WASHINGTON — There was a lot of talk specific to the Rays at the All-Star Game last week, from commissioner Rob Manfred's strong endorsement of the Ybor stadium plan to Wilson Ramos' rousing ovation from the Washington fans to Blake Snell's imp...
Updated: 9 hours ago
Another bad look for Rays in 3-2 loss

Another bad look for Rays in 3-2 loss

ST. PETERSBURG – To get a sense of how shorthanded the Rays were by the final innings of Saturday night's game, all you had to do was look at the field and see Carlos Gomez playing second base.It was that kind of night for the Rays, who lost an...
Updated: 10 hours ago
For starters: Rays vs. Marlins, with Justin Williams called up

For starters: Rays vs. Marlins, with Justin Williams called up

UPDATE, 3:52: 3B Matt Duffy (back) is feeling better but Cash said they would stay away from using him except in an emergency. That's not that unlikely, however, as the Rays wull have a short bench, with only C Adam Moore and Williams, assuming he ge...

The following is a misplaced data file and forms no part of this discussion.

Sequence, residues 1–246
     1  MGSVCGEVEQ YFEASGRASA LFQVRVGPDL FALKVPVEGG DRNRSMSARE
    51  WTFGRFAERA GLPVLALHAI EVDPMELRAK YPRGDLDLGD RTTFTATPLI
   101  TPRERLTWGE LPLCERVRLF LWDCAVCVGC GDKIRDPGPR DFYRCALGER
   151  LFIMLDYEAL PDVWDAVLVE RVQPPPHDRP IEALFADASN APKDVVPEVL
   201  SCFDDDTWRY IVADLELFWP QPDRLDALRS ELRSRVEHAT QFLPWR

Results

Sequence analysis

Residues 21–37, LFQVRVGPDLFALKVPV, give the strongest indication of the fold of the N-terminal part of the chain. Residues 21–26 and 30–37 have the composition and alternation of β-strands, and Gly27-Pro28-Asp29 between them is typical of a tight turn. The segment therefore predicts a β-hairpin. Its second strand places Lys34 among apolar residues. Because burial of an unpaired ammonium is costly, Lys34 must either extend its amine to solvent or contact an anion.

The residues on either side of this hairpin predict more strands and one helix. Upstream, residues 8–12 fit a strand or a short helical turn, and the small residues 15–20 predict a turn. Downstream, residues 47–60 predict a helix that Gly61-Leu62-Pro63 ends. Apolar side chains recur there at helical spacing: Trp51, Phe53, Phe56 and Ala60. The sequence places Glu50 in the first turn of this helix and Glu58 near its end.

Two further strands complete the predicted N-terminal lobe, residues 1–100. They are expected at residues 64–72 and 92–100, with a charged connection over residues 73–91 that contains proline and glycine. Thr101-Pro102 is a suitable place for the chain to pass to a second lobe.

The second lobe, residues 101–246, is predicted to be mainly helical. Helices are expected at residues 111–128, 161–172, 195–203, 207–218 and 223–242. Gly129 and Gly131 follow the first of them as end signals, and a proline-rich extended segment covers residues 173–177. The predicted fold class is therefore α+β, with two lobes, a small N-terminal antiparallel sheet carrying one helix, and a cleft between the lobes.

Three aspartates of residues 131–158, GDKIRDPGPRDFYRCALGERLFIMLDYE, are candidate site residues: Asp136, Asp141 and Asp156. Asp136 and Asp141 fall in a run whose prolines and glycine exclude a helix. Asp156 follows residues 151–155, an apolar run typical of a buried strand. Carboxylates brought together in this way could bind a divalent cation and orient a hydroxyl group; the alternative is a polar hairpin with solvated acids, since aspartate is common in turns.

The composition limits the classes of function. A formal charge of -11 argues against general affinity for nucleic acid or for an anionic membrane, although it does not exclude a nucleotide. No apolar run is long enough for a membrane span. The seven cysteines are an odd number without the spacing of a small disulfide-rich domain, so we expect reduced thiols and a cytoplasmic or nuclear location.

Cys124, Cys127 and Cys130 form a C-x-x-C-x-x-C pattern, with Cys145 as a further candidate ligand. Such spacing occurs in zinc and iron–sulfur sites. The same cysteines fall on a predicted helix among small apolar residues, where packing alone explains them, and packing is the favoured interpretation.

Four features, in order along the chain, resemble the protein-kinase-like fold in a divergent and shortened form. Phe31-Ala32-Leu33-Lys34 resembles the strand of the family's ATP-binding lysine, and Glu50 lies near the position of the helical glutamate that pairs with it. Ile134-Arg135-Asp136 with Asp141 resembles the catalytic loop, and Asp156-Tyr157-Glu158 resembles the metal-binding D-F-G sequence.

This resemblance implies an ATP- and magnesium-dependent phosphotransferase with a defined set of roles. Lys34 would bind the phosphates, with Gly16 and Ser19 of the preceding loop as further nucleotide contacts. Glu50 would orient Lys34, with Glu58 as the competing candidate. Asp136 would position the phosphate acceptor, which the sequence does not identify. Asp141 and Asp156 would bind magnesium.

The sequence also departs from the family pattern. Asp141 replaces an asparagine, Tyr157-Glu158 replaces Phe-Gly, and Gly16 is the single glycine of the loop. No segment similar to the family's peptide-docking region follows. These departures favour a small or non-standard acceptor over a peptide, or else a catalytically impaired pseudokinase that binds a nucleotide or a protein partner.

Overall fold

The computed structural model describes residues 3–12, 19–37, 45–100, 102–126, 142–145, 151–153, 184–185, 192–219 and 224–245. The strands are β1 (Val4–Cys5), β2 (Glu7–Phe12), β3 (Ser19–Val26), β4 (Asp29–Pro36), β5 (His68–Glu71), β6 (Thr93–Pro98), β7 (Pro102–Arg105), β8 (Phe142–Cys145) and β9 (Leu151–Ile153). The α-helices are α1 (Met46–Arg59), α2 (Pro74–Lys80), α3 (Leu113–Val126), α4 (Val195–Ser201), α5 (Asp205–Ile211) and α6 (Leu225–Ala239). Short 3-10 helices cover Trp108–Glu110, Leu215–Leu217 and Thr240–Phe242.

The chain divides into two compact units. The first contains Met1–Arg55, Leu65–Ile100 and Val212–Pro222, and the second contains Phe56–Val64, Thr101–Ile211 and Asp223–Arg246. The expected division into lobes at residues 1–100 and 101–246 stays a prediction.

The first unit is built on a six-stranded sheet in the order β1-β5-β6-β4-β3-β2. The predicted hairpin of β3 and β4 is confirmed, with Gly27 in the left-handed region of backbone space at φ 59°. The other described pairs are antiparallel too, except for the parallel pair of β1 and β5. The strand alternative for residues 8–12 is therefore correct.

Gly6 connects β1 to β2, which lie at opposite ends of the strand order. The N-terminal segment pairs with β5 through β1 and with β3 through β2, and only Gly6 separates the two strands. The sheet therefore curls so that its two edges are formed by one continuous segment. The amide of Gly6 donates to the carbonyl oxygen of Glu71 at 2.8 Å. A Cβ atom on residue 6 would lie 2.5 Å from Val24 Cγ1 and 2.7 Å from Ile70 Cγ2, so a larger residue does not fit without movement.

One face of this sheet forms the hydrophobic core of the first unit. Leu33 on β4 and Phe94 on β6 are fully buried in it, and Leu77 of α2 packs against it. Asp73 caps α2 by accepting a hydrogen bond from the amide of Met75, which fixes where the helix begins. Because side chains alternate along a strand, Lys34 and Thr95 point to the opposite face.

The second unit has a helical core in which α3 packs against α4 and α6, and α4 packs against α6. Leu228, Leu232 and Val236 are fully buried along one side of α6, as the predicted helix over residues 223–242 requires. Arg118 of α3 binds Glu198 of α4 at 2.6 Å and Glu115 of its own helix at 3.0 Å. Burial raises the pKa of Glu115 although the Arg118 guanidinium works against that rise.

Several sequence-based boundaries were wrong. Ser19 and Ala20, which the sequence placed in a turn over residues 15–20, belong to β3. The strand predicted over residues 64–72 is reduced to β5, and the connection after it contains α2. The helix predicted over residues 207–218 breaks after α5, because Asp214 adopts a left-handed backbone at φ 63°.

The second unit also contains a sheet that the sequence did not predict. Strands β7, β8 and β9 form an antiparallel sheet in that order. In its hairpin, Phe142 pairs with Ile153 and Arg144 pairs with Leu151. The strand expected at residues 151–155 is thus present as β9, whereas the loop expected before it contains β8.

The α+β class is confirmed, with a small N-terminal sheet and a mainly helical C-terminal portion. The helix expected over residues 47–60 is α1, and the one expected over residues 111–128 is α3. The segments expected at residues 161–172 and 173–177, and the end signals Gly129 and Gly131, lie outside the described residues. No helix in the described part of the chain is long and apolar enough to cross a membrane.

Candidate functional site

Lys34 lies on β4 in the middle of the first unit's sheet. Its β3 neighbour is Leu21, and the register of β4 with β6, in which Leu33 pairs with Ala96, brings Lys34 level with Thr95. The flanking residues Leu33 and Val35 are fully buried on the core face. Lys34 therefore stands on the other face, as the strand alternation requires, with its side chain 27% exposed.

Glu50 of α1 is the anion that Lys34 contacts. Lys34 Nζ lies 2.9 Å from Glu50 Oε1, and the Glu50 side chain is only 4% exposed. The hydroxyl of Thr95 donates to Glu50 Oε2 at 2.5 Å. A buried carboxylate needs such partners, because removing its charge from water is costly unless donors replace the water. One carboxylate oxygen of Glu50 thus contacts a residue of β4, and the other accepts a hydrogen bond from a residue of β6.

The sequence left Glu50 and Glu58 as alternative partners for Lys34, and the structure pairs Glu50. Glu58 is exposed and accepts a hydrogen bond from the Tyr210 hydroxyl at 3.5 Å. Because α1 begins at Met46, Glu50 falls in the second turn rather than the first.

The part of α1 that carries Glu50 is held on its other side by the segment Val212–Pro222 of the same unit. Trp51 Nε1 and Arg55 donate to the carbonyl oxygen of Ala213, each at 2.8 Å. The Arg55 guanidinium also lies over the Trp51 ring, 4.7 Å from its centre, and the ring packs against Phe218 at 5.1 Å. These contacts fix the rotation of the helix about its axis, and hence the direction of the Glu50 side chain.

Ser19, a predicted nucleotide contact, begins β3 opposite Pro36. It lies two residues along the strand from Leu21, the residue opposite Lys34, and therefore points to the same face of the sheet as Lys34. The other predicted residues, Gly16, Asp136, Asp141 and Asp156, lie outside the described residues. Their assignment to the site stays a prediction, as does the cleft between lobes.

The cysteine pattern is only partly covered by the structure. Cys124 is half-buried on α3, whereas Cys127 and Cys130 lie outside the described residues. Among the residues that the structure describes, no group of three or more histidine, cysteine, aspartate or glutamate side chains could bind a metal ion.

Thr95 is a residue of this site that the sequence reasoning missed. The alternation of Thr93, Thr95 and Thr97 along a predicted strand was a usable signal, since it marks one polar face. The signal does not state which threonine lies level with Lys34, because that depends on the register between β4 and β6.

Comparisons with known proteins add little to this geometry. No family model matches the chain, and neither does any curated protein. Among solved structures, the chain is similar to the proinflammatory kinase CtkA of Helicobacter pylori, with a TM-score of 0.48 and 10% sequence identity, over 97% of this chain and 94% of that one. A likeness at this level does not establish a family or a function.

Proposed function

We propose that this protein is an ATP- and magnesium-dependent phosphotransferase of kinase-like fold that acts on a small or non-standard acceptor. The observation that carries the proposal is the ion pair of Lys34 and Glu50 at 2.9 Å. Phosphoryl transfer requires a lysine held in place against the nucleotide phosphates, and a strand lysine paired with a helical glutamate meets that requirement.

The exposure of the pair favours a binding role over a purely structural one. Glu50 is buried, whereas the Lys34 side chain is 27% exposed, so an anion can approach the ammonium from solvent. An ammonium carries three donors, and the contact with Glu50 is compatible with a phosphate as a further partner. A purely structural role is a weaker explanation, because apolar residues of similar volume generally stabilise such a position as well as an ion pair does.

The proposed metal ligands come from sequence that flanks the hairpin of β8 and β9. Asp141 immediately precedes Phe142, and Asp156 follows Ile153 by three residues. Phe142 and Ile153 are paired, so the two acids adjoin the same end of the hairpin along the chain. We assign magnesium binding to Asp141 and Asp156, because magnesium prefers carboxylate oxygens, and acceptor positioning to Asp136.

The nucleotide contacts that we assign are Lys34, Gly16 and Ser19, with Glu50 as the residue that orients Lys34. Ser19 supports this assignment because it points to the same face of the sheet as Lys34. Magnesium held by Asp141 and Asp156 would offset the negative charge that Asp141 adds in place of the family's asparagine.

Published: 07/21/18
Rays journal: Replacement catcher Adam Moore ready to play

Rays journal: Replacement catcher Adam Moore ready to play

ST. PETERSBURG — The newest Rays player is also nearly the oldest.With All-Star C Wilson Ramos on the disabled list with a hamstring injury, Tampa Bay turned to veteran Adam Moore, 34, as the new backup catcher behind Jesus Sucre. Only reliever...
Published: 07/20/18
Updated: 07/21/18
Martin Fennelly: Rays and Marlins at different stages of same mission

Martin Fennelly: Rays and Marlins at different stages of same mission

ST. PETERSBURG — New York Yankees god and former Tampa resident Derek Jeter, who was once going to save the Rays (or so we thought), was at Tropicana Field on Friday night. The Captain had the gall to show up as Miami Marlins chief executive of...
Published: 07/20/18
Late rally falls short as Rays lose to Marlins, 6-5

Late rally falls short as Rays lose to Marlins, 6-5

ST. PETERSBURG –The Rays rallied for four runs in the bottom of the ninth Friday night, but their rally came up short as the Marlins held on for a 6-5 win at Tropicana Field.Tampa Bay's bullpen gave up five runs in the seventh, and that was too...
Published: 07/20/18
Kiermaier has ‘severe bone bruise’ in foot, dates back to April injury

Kiermaier has ‘severe bone bruise’ in foot, dates back to April injury

Rays outfielder Kevin Kiermaier left Friday's game in the fifth inning when an injury to his right foot that has bothered him since April flared up with the worst pain he's encountered this season.Kiermaier called the injury a "severe bone bruise" an...
Published: 07/20/18